What Is Alimony In A Divorce?

Divorce and financial complications can seem to be a tricky proposition

While the two concepts often seem similar, they are actually very different beasts. The divorce process itself can be expensive and complicated. Divorce mediation and pre-filing papers require financing, which may not always be available to the divorcing couple.

Most experts would agree that it is important to consider every aspect of the financial situation before determining how to proceed. This is where a divorce financial planning professional comes into play. Exploring asset protection strategies with a trained family law attorney is an ideal way to avoid future financial problems and possible litigation. In addition, evolving new concepts of asset protection have rendered long-established legal guidelines inadequate in many cases.

Many couples choose to work out their differences without the help of an attorney

Because they feel that they can make financial decisions in a straightforward manner. However, this is a mistake that can have long-term negative effects. By seeking counsel from a skilled family law attorney, individuals can ensure that they create an estate plan that protects their future and assets for their children as well as provide tax advantages for their spouse.

One of the first steps of the divorce financial planning process is developing an inventory of each spouse’s assets and liabilities. This inventory should be completed on an individual basis, taking into consideration the division of property between the spouses and the length of the marriage. Typically, the assets that a person wishes to protect will not change during a divorce, while the ones that do may be subjected to a different set of divorce laws than what was once in place. A good inventory is also useful in setting up a trust or other nominee entity to ensure that the assets are protected throughout the divorce process. This list can be developed with the assistance of a divorce lawyer and can then be made part of your Will.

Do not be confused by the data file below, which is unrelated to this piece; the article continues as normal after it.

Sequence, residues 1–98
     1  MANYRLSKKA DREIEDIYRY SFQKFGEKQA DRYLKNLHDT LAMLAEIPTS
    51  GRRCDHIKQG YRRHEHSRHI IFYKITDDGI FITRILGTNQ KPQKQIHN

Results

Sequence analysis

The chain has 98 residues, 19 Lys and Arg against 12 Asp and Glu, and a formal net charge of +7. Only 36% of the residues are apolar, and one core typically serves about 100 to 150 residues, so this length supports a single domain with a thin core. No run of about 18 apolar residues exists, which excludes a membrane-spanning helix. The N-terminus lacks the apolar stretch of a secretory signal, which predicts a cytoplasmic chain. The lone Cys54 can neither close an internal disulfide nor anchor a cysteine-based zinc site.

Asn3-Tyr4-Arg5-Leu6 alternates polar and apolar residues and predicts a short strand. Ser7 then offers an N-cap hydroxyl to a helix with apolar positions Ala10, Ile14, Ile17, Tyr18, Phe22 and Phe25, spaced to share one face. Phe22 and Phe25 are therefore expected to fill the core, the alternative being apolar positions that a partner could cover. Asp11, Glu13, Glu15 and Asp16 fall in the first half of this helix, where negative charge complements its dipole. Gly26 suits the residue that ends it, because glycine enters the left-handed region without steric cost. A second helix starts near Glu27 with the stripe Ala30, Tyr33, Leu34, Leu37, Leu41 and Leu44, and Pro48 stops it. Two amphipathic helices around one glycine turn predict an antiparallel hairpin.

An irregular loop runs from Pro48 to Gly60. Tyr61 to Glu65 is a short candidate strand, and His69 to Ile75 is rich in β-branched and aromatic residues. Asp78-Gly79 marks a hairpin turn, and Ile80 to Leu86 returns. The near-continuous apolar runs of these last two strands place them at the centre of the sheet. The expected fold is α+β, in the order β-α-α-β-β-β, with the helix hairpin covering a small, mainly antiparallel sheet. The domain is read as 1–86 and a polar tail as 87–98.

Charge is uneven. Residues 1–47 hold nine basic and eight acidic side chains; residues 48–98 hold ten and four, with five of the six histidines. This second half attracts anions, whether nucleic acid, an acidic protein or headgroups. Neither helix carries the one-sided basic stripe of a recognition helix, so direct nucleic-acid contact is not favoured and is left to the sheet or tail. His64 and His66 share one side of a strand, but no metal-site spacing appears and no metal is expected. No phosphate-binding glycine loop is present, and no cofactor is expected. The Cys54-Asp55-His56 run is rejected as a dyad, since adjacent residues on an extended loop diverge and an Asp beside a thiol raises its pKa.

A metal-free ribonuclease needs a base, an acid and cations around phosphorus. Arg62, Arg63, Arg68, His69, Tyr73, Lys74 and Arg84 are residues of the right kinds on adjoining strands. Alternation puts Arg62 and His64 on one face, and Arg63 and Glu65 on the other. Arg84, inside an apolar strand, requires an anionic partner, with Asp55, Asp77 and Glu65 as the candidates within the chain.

Another asset that most people forget to take into account after filing for divorce is alimony

During the time of marriage, the husband and wife generally share equally in the care of their children, so alimony is usually awarded at the time of the marriage. Once a couple begins to live together, they may begin to divide up the assets and sharing of responsibilities differently. It is best to put together a brief description of the roles that you wish to play as a couple and then include all assets that are jointly owned. Your spouse will have an easier time understanding where you stand financially if you include this information in the Will.

Alimony is intended to keep your spouse reasonably well off while you continue to earn your standard of living. Some states still allow it to be awarded, but it is not a binding agreement. Once the marriage has ended, it is no longer relevant and is not a part of any current marital property distribution agreement. Each state has its own laws on alimony and other divorce proceedings. Seek guidance from an attorney who has experience in these areas. Your attorney can help you determine what you can do with your marital assets once the divorce is final.

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